Piper took a deep breath before she had a panic attack. “It was a great idea, Dean,” she said, putting her smile back in place. “We’re here to sell records. Mine and Sawyer’s.”
The radio station rep’s relief was evident. The earlier tension had not been lost on her. “Let me show you to our hospitality room.”
Heart pounding, Piper followed the woman down the hall, into the elevator and up three floors. She could do this. She could sit next to Sawyer and answer questions about music. They could sing together like they did while writing songs and recording her album. Singing with him was the easy part. Avoiding his brown eyes, resisting his charm, ignoring the way he made her feel when he was near—those things might prove more difficult. Especially now.
It suddenly felt very warm. Piper was thankful she had dressed in layers. She peeled off her sweater and handed it to Lana for safekeeping.
Sawyer’s voice reached her in the hallway. His playfulness was infectious as he sang and strummed a guitar. It was his lightheartedness that had gotten her in this trouble in the first place.
She steeled herself as she entered the hospitality room. Sawyer Stratton had accepted there wasn’t a future for the two of them. How would he feel when he found out they’d be forever connected?
“YOU HAVE GOT to be kidding me,” Sawyer said, setting his guitar down. “You are unbelievable!”
His friend and bandmate Hunter pushed the last grape between his lips. His cheeks were puffed out like a chipmunk’s. He had somehow managed to get an entire bowl of grapes in his mouth. Hunter’s enormous cheek capacity was about to cost Sawyer ten dollars, and he was not a fan of parting with his hard-earned money.
“Impressive, but I can do better. If I can eat one of those sandwiches over there in one bite, you have to give me ten bucks,” Sawyer said, making his way to the counter full of snacks.
Hunter shook his head, unable to speak. He held up two fingers before slashing the air with both hands.
“Double or nothing?” Sawyer clarified. Hunter nodded. “You think you can eat this whole sandwich right after swallowing all those grapes?”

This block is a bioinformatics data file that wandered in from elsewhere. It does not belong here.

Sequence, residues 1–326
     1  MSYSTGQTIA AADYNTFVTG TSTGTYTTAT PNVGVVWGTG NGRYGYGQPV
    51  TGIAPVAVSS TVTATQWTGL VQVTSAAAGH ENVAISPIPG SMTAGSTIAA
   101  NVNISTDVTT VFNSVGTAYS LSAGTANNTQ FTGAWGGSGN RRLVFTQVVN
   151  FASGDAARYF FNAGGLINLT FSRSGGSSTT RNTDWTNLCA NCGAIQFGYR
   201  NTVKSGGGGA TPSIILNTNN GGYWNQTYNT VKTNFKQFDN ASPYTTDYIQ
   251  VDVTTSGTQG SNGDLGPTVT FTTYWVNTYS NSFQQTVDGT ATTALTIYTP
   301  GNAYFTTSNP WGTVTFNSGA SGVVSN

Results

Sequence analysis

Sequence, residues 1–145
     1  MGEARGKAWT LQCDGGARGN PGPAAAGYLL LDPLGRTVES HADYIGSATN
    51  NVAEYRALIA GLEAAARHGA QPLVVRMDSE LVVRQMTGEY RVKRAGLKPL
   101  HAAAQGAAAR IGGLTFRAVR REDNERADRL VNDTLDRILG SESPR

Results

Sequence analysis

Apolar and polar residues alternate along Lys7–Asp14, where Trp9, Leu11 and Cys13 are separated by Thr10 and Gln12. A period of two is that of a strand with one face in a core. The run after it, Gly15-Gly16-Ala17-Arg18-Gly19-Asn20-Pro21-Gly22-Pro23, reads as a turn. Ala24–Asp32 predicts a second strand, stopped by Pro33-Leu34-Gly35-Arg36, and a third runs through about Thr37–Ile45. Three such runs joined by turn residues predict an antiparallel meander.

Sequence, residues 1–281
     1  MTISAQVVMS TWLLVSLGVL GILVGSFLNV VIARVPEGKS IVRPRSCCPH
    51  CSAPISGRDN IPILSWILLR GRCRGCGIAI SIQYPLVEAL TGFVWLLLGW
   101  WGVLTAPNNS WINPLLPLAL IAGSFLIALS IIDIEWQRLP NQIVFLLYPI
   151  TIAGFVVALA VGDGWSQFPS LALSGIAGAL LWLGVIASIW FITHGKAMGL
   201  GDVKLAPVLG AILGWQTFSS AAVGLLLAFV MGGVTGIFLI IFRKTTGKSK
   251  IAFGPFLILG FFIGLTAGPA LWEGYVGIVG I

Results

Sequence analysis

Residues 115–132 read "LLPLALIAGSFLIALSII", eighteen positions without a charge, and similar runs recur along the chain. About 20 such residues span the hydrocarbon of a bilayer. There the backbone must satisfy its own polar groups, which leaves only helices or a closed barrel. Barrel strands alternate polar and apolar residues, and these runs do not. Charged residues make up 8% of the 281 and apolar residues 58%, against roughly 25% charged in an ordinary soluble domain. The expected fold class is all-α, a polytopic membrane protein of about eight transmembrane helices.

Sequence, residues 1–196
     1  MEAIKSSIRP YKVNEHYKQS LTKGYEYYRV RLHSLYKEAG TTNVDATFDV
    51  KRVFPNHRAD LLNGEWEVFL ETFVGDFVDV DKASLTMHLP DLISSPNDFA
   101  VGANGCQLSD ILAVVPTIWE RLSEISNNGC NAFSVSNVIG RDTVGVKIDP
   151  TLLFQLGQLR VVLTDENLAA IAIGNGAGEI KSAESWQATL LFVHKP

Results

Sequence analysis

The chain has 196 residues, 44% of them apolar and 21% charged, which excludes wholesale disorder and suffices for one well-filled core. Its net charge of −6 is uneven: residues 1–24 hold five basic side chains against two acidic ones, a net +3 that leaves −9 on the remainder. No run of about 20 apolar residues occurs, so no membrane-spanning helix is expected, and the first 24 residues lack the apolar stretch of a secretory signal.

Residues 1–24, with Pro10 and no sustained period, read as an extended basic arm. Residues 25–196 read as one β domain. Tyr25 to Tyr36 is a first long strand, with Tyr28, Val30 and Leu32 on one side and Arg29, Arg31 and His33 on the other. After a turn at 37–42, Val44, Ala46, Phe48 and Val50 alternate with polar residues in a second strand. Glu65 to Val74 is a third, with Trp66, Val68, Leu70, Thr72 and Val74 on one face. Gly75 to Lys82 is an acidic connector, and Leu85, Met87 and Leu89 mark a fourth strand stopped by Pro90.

Hunter nodded again and picked up a water bottle. After a quick swig, he wiped his mouth with the back of his hand. “If I do, you have to give me twenty bucks.”
The turkey sandwich wasn’t quite six inches long, but it was stuffed with all the trimmings and wouldn’t go down easy. Better Hunter fail than him. “Go for it.”
Hunter picked up the sub and took a breath before attempting to shove it all in his mouth. Sawyer couldn’t help but bust out laughing.
“We have some snacks and beverages for you,” a voice said from the doorway.
Sawyer turned, and there she was. Piper was always a sight for sore eyes. Her sunglasses rested on top of her head and her blond hair was pulled back into a ponytail. Even though she wore the same pale pink blouse and skinny white jeans he’d seen her in at rehearsal, the woman managed to take his breath away.
“Are you okay? Can you breathe?” The radio assistant came running at him.
How could she tell? It had only been a second. “I’m fine,” he protested. He had known Piper was coming—he just hadn’t expected her to affect him the way she always seemed to.
The woman pushed past him and wrapped her arms around Hunter’s chest. Two seconds later, a chewed-up wad of Italian bread shot across the room.
Hunter coughed and gratefully took the water offered to him by his rescuer. “Thank you,” he choked out.
Sawyer shook off his embarrassment at misreading the situation and glanced at Piper. Her bright blue eyes were wide with shock, but her lips soon curled in amusement. Her father, however, stood behind her with his usual scowl.
“Perhaps Piper could have her own space to relax before the interview. These two—” Heath paused and glowered at Sawyer “—gentlemen seem to need some supervision we’d rather not be responsible for providing.”
“It was a bet,” Sawyer explained. “He lost. We’re done now. No supervision required. Hey, Piper. How’s the ankle? I’m so sorry about bumping into you.”